Physical and mathematical modelling of the energy requirements of the outdoor sow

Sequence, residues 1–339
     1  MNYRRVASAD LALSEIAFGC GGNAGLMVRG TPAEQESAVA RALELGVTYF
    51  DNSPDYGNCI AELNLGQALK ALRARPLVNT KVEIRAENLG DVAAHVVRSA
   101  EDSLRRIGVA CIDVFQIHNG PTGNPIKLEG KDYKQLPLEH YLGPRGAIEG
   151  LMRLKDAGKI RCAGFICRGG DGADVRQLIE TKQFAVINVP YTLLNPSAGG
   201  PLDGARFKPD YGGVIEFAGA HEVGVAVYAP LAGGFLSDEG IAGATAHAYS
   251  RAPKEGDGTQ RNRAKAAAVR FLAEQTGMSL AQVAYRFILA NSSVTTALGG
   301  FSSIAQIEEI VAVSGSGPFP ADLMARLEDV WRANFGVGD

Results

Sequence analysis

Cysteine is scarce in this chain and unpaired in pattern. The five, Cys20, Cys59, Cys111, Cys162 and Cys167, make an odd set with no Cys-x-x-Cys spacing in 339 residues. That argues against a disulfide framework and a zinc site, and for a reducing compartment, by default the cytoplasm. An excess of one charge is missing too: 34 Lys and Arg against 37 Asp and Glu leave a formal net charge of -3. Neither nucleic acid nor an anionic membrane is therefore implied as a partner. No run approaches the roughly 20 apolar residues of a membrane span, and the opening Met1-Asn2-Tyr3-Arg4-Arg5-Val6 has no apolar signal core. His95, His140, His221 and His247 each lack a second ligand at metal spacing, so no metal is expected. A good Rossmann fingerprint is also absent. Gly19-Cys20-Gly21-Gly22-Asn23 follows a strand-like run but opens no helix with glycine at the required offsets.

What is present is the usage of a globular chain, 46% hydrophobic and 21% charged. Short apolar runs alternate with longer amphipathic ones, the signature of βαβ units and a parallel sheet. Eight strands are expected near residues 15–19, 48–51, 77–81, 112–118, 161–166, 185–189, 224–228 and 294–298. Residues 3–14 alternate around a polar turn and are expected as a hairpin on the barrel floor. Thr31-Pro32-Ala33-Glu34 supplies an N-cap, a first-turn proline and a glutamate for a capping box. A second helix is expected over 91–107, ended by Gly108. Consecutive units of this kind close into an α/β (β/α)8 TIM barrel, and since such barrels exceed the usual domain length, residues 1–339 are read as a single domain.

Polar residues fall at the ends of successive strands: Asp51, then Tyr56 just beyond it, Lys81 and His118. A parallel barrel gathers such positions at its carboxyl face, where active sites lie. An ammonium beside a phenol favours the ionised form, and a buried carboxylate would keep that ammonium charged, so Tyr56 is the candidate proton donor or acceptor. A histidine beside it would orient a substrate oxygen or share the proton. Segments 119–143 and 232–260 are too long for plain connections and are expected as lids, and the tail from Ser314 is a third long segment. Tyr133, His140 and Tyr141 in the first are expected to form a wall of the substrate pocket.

With the increase in recent years of the popularity of outdoor pig production systems throughout the UK, it is important to address the welfare and production issues which arise from this method of farming. Outdoor sows are exposed to widely varying environmental conditions which affect their heat loss. Temperature, radiation, windspeed and precipitation are all important variables affecting heat loss, as is the sow's use of available shelter. It is currently unclear as to the amount of additional feed required to compensate for the adverse weather conditions likely to be encountered outside. Outdoor sows may also require additional energy for the potential increased degree of activity. In order to be able to predict heat loss under different meterological conditions a mathematical model is necessary. This study constructs such a model to determine the energy requirements of the outdoor sow, taking into account the variable insulation provided by subcutaneous fat and other tissues and the extent to which shelter can modify the effects of the environment. The effect of these factors is assessed using physical models of outdoor sows to estimate heat loss as a result of different environmental conditions. A behaviour study was carried out to assess the use of available shelter by outdoor sows. The mathematical model then allows an assessment to be made of the welfare implications of outdoor production systems.